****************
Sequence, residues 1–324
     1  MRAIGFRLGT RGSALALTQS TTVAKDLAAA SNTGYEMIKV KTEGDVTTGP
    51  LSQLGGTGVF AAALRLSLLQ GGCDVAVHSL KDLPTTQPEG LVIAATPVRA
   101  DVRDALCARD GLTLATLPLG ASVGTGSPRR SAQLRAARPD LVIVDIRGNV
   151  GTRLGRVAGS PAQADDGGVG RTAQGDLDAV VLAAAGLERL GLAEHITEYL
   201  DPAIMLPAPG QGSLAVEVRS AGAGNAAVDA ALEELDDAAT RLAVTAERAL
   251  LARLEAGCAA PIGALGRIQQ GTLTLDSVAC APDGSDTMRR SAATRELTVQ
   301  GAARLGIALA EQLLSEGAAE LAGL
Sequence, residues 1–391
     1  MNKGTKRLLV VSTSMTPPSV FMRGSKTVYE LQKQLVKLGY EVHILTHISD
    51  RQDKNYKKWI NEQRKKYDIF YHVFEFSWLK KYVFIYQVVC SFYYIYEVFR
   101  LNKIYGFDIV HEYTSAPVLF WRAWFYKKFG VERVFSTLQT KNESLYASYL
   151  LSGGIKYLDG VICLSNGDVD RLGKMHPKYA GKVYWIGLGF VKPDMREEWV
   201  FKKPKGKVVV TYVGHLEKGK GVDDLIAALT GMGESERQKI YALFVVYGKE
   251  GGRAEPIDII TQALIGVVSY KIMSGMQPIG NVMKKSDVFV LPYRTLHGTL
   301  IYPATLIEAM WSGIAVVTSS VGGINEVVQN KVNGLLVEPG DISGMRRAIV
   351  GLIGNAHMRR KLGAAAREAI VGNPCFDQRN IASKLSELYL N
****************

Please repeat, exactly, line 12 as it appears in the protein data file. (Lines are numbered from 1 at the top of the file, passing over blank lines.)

   101  LNKIYGFDIV HEYTSAPVLF WRAWFYKKFG VERVFSTLQT KNESLYASYL